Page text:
You might think of a trust as something for wealthy people who want to dispose of high-end assets, like art work, collectible cars or businesses. However, just like everyone needs an estate plan regardless of their asset level, says The New York Times in the article, “Life After Death? Here’s Why You Should Have a Trust,” many people who are not wealthy could benefit from having a trust. Continue reading
There are many ways to own your assets. When you die, it is only natural that you want your family to share in the bounty of your hard work. As a way to simplify the transfer process and avoid probate, you may be tempted to add a child or other relative to the deed or bank account utilizing the ownership type of joint tenancy with right of survivorship (JTwROS). However, while this type of ownership delivers a lot of potential benefits, it may also be masking some dangerous pitfalls.
Which Of These Powerful Secrets Could You Use To Build Your Ideal Estate Planning Legal Program
- Keep your estate settlement simple;
- Avoid the court-supervised Probate process when you die;
Are You Making Some of the Biggest Estate-Planning Mistakes?
There are some things we just don’t like to think about, much less speak about. The universal truth is we are all going to pass away one day. The legacy you leave can either simplify the process of dealing with your personal and financial property, or it can be a worrisome burden for those you leave behind.
Legacy planning is as important as your final wishes. So, as much as you avoid the topic, it can’t be — and shouldn’t be — ignored.
We recently had some discussions with a Madison family that was trying to make the most of their father’s IRA and had questions about naming the beneficiary of an IRA. The family wanted to make sure that after the father died, the IRA would benefit one of the children, and then after that child died, the family wanted the IRA to be shared among the other children.
The family kept asking: “Should we name the child as the beneficiary, or should we name a trust (for the benefit of the child) as the beneficiary.
One of the children was married to an accountant. His suggestion (whether it has merit or not is debatable) was, “Don’t name a trust as the beneficiary of an IRA because I hate trusts.”
One of the children stated, “Dad wants it left to a trust for the benefit of a child so that Dad has the assurance that when the child dies, the remaining IRA would go to the child’s siblings.”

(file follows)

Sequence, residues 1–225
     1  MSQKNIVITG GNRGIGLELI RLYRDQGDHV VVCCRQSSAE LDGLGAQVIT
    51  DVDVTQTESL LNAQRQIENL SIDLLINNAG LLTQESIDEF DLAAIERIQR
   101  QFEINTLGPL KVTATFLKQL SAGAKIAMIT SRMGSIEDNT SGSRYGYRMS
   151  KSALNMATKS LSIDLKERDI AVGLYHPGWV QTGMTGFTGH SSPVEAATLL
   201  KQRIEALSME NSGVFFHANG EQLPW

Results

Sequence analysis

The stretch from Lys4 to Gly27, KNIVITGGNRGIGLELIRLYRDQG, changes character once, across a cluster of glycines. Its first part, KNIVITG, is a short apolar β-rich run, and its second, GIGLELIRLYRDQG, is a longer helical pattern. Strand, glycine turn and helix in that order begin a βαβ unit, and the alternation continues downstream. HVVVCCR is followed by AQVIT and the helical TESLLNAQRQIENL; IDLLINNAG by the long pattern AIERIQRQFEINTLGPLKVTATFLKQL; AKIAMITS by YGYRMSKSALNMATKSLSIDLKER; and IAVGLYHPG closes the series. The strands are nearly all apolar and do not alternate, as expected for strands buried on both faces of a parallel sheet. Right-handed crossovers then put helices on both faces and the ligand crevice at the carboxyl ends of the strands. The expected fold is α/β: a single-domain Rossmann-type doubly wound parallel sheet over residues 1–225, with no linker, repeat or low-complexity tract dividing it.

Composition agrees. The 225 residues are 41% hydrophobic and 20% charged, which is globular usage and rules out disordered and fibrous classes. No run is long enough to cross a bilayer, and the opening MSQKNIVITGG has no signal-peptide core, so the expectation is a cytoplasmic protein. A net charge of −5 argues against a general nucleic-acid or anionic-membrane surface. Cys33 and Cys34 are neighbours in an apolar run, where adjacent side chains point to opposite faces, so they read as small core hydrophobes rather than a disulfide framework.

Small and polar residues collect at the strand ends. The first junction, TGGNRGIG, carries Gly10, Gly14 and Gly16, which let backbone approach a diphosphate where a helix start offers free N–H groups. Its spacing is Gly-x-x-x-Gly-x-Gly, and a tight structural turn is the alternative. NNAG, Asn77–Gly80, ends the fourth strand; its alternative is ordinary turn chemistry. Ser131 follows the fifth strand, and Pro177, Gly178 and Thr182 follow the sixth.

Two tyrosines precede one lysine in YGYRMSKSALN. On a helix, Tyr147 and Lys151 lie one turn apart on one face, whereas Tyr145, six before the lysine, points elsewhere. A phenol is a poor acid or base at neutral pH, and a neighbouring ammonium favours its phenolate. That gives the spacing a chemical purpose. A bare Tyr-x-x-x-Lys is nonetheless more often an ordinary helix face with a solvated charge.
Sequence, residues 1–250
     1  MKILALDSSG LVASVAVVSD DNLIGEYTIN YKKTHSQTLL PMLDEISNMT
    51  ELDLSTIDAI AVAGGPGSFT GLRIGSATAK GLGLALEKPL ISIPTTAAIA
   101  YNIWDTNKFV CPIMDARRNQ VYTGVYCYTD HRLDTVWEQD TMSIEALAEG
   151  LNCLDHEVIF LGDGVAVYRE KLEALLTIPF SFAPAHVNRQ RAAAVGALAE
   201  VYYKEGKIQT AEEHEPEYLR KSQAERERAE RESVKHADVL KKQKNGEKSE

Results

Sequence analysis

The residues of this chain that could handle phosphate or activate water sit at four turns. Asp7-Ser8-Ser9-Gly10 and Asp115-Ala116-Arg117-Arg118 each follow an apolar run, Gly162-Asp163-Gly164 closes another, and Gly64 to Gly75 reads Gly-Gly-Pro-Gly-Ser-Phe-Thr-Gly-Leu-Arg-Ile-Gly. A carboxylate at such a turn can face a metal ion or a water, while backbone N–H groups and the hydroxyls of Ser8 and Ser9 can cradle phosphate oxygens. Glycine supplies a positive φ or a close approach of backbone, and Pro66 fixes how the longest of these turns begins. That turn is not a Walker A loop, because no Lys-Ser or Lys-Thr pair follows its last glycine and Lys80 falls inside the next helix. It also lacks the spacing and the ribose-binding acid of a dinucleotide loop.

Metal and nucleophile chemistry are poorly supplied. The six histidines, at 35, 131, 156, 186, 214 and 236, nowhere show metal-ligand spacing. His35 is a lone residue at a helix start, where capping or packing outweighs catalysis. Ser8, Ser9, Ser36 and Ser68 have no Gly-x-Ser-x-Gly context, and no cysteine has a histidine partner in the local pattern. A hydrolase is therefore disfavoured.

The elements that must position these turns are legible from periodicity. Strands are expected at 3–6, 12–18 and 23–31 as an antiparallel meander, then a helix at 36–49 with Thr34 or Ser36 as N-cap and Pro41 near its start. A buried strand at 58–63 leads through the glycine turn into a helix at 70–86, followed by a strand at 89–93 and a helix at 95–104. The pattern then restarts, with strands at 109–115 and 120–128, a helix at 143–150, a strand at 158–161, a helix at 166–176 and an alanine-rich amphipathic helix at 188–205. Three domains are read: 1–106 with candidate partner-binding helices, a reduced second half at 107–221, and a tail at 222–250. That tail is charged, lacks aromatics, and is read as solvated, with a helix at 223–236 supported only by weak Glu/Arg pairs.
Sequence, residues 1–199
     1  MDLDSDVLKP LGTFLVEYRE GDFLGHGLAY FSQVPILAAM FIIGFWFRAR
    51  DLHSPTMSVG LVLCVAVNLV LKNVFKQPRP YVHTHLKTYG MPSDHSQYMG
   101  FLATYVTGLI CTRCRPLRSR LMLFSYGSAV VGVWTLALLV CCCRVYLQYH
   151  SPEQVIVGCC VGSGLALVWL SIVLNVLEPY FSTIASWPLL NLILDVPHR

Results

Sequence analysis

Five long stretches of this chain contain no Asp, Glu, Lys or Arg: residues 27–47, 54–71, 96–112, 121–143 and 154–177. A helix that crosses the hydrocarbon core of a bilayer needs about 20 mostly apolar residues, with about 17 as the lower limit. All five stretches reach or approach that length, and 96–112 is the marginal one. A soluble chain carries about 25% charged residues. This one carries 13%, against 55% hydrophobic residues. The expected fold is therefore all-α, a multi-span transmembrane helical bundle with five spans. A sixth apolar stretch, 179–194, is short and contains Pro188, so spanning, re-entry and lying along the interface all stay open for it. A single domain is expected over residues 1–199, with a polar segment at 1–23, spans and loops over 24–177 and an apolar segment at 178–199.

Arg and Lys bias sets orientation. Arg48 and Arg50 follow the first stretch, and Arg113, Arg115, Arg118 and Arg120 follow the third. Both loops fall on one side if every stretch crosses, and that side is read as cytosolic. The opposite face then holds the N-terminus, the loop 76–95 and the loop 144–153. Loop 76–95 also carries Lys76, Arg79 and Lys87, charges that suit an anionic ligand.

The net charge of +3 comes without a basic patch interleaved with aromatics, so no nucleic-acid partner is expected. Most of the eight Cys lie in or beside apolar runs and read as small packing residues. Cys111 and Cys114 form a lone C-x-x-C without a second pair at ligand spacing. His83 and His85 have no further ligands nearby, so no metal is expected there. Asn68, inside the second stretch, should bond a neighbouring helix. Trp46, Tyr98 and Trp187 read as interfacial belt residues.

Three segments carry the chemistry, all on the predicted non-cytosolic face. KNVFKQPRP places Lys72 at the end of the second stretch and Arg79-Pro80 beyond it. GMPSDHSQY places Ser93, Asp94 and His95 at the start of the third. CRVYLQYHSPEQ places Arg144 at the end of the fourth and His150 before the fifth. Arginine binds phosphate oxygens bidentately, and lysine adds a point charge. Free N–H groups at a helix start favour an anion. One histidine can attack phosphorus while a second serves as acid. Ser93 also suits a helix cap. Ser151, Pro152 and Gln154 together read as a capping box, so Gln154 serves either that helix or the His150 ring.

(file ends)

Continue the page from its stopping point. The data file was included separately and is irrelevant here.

What should they do?
What Types Of Trusts Are Useful In Protecting Retirement Plans?
There are a number of schools of thought here. In our practice, we feel a revocable living trust is not a good vehicle to handle retirement plans. Often these are not drafted with the appropriate language to comply with the IRS service regulations to be what’s called a “see-through trust”. A Retirement Plan Trust is specifically drafted to comply with the service regulations and meet all the criteria so that if this trust is designated as the beneficiary, you will be able to preserve the tax deferral for those named beneficiaries to get the stretch advantages.
No, it does not. It transfers by beneficiary designation. Much like life insurance that goes to the individual named in the policy, the retirement plan goes to the individual named on the beneficiary designation in the plan document. If you don’t have a beneficiary designated or the individual that you designated is deceased, the account value can wind up in your probate estate; and if this happens, the only choice is that all the taxes are due right away, and there is significant inflexibility. But in general, it will avoid probate.
If you are a farmer or a rancher, you are hardworking and dedicated. Your farm or your ranch is more than just a way to make a living — it is your legacy. You have spent your life building something that you can be proud of and that you want to pass down to your children so that they can preserve what you have built and they can continue to provide for themselves and their families. Unfortunately, if you do not make an estate plan, your land and your assets may be liquidated cutting your legacy short and ending your family’s unique lifestyle choice.
Estate planning is important for everyone but especially for those who own their own business such as farmers and ranchers. If you avoid making or updating an estate plan, your assets will be subject to state intestate laws. Instead of you deciding how your estate will be settled upon your death, the courts will make that decision for you. Below are three common estate planning mistakes farmers and ranchers make and how to avoid them.
Yes, they fit the broad definition of a blended family, but the story of the “lovely lady” and a “man named Brady” was, of course, simply that. A story. When turning off the TV and looking at today’s blended families, a first observation is how very unique and different they all are. (Or as one estate planner remarked: “If you’ve seen one blended family, you’ve seen one blended family.”)
Estate planning is usually low on a person’s list of priorities until a life event occurs that forces the person to contemplate their own death. The most common life events that cause someone to begin to think about estate planning is getting married, having children, amassing a large asset or amount of money, or the death of a parent, relative, or close friend.
One question about estate planning that our attorneys are asked quite often is, “Why do I need a Will if I do not have children?” Our answer, “Because everyone needs a Will and a comprehensive estate plan regardless of whether they have children, are single or married, or have a little or a lot.” Failing to have a Will results in the state of Wisconsin deciding what happens to your property upon your death. Furthermore, failing to prepare for your incapacity prior to death may result in your healthcare wishes not being honored if you cannot speak for yourself.